With limited job options, Balochistan inhabitants turn to Illicit trade


By Imad Abbas

QUETTA: Balochistan, the largest province in Pakistan with a sparse population, serves as a significant centre for the informal economy. Covering an area of approximately 347,000 square kilometers, the region is primarily arid, offering limited opportunities for irrigation. Furthermore, the vast natural resources within Balochistan remain largely untapped. Access to fresh drinking water and basic household amenities is extremely limited. Consequently, in the absence of stable agricultural and industrial sectors, a substantial portion of the population turns to illegal means to make ends meet.

Smuggling is the predominant illicit activity in the region, especially along the Iran-Balochistan border. The cultural and ethnic ties shared by the border communities, combined with porous borders, have facilitated a surge in smuggling.

According to a resident of the Mashkil district, “People on both sides of the border have strengthened their bonds through inter-marriages.”

A staggering number of people, estimated at 12.3 million, are involved in smuggling commodities from one area to another. Surprisingly, a significant portion of these individuals includes teenagers and even those with advanced degrees. When questioned about their motivations, one respondent explained, “With the absence of established industries and labour-intensive jobs, young graduates are compelled to resort to illegal practices to sustain themselves.”

In this process, participants evade taxes and customs duties, thereby depriving the government of much-needed revenue while simultaneously bolstering the informal economy. It is estimated that the informal sector accounts for approximately 56% of the country’s GDP.

Various items are smuggled through different routes, with petrol being among the most widely transported commodities. Due to strict Western sanctions, Iran relies on illicit means to transport its abundant petrol. This results in the transportation of petrol from the Iran border to the Balochistan region using speedboats and trucks. Research indicates that the price of oil inside Iran is significantly lower than inside Pakistan, creating a price gap that has led to substantial quantities ending up in Balochistan.

According to a resident of the Kharan district, who is involved in this business, “The smuggling route starts from the bordering districts of Iran, enters Balochistan, and passes through Mashkil, Kharan, Dalbandin, Yakmach, Nokhundi, Chaghi, Noshki, and eventually reaches Quetta.” He added, “If government barriers on the eastern route are removed, it could be transported to the federal areas as well.” These routes are chosen because they avoid security checkpoints, allowing for easy transportation.

Smugglers in border regions often rely on the Hawala system, a trust-based financial system that does not involve physical money movement. This system relies on mutual trust, given the cultural and ethnic proximity of both sides of the border, and official documents are typically not used.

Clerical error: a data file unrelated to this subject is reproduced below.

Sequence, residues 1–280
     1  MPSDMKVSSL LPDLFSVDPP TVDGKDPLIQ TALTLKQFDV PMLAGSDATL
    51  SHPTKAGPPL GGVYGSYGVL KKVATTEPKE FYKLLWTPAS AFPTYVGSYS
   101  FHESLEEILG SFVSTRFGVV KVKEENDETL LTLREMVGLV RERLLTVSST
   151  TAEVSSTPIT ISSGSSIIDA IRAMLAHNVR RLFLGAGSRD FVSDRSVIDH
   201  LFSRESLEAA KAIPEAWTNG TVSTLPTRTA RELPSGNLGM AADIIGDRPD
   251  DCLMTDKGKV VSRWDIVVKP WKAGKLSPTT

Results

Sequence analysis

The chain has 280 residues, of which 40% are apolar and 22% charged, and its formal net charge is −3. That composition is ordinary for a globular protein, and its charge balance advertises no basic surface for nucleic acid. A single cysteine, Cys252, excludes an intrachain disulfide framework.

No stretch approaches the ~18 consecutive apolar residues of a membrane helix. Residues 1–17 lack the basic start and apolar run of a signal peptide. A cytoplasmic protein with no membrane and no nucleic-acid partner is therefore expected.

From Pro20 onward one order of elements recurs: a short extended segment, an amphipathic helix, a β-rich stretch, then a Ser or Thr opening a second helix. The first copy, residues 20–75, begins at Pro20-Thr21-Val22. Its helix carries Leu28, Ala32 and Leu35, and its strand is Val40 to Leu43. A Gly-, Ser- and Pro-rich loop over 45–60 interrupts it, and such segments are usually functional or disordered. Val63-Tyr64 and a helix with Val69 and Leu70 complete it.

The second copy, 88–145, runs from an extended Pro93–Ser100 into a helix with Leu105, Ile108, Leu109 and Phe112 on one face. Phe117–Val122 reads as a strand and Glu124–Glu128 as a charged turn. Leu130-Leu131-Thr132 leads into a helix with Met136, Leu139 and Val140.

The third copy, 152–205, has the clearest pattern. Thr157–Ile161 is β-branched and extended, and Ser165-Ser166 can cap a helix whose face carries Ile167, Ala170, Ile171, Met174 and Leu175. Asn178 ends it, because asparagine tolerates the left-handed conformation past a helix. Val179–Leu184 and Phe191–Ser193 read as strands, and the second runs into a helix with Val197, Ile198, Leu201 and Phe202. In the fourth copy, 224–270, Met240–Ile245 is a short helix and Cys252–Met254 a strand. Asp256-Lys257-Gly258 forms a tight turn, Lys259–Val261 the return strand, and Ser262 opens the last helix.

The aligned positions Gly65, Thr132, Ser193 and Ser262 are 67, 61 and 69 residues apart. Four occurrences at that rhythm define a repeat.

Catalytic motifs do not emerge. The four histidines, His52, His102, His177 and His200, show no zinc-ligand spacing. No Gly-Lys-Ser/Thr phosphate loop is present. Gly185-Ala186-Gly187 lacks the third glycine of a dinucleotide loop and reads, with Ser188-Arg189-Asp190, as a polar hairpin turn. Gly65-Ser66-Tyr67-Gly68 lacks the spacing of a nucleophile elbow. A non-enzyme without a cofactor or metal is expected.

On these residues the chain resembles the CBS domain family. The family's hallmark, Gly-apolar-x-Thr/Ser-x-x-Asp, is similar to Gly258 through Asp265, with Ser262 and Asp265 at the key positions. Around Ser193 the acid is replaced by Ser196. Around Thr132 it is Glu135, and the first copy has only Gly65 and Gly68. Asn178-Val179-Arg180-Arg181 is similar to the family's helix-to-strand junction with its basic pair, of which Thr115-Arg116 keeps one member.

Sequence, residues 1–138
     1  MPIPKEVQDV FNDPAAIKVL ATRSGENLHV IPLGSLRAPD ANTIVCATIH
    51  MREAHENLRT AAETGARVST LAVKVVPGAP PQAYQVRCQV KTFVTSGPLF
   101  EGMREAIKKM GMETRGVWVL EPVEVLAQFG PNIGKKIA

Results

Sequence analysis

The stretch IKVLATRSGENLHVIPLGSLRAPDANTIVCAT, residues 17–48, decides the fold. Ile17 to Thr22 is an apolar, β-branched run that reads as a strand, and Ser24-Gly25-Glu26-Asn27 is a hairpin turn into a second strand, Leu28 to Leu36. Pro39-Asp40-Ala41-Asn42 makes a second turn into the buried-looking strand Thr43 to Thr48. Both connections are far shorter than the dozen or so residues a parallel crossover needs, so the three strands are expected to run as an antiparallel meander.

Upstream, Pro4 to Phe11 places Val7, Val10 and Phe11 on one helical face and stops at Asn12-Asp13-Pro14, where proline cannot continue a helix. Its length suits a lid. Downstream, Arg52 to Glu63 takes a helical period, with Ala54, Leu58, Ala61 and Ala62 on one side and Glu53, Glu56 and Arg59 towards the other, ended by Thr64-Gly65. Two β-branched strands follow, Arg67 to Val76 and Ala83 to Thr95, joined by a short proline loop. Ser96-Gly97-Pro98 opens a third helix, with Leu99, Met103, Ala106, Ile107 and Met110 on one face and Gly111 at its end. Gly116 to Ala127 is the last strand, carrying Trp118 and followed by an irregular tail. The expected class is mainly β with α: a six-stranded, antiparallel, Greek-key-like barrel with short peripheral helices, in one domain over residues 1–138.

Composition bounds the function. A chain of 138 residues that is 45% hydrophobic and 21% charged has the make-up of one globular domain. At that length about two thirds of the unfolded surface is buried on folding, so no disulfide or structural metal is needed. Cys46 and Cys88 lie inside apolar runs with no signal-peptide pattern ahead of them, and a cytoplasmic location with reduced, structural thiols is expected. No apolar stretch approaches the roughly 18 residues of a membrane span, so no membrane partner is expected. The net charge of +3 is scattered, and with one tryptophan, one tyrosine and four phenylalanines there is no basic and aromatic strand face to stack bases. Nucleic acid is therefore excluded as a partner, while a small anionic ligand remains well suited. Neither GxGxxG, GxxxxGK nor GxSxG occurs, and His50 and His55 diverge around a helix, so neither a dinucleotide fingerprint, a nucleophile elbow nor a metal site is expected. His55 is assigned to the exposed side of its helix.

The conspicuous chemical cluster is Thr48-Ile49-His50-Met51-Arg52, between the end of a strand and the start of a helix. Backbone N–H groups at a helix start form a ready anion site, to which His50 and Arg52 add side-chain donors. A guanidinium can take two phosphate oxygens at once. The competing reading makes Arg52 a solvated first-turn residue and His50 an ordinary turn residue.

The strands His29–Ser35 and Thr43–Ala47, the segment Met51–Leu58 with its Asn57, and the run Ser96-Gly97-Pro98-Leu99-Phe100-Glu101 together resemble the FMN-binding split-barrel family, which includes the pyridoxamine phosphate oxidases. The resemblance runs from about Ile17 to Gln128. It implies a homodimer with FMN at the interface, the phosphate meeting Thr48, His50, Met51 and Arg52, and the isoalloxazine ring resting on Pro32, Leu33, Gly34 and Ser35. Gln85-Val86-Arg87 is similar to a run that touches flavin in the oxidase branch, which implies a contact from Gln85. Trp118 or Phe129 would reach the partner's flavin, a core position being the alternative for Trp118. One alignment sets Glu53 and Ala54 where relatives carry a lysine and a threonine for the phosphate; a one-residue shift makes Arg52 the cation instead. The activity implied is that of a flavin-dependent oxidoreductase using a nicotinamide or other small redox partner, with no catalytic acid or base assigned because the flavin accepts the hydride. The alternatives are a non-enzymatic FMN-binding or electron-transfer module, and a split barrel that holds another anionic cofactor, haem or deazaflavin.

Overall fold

The illicit trades, which escape taxation and customs duties, result in an annual revenue loss of approximately 7 billion rupees to the informal sector, depriving the provincial government of critical public revenue. Research suggests that trade along the Iran-Balochistan border disproportionately benefits Iran since most items are imported into Pakistan rather than exported.

These activities have also had a detrimental impact on the local labor market. The lure of higher incomes in smuggling compared to labor-intensive jobs drives individuals of all ages, including teenagers and adults, to participate, despite the inherent risks.

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Complicating matters further, individuals involved in law enforcement agencies are reportedly engaged in the smuggling business, accepting bribes for their complicity. Each smuggling operation may cost between 10,000 to 20,000 rupees in bribes, depending on the items involved.

The pervasive informal sector in border regions is primarily a consequence of the absence of effective governance. While there have been sporadic attempts to crack down on illegal activities, including recent orders from former prime minister Shehbaz Sharif, the impact remains limited. Corruption among government officials exacerbates the issue, as many benefit personally from the bribes paid by smuggling operations.

To address these challenges, the government should consider several measures to boost revenue collection and curb illicit practices. Establishing Small and Medium Enterprises (SMEs) could provide alternative economic opportunities, reducing reliance on illegal trades. Strengthening the capabilities of law enforcement agencies (LEAs) would enhance their ability to combat criminal gangs.

Additionally, offering rewards for the apprehension of smugglers could help eliminate the culture of bribery, encouraging people to seek legal means of livelihood and ensuring that revenue benefits the government rather than corrupt officials.

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